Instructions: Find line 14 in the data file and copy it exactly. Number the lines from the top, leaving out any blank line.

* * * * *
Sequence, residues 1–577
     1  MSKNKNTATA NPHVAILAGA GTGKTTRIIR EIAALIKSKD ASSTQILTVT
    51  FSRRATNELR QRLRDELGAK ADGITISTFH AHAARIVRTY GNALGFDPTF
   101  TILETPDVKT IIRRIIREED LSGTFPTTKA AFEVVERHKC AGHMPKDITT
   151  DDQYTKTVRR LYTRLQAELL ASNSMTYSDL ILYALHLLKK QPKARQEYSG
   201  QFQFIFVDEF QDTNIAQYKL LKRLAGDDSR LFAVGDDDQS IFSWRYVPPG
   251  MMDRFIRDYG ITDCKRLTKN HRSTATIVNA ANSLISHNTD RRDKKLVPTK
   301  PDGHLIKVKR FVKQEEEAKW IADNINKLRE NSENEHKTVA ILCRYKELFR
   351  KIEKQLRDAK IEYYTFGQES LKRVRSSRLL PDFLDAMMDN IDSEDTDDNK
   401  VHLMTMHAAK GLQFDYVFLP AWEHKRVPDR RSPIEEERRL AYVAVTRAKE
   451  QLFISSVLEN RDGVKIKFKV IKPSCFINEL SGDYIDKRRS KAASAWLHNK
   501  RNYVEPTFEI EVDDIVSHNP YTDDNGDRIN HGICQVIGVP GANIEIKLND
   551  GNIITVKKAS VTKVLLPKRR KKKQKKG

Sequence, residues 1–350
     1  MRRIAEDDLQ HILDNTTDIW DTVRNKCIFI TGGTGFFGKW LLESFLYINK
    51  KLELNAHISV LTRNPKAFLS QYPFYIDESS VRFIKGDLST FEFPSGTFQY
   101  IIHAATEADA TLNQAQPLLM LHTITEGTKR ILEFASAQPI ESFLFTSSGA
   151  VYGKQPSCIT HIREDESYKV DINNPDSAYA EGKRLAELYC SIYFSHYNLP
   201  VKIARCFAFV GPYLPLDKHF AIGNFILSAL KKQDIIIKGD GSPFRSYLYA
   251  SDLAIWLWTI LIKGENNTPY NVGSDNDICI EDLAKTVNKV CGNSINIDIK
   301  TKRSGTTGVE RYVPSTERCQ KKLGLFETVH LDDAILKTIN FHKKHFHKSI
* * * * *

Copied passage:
Sequence, residues 1–350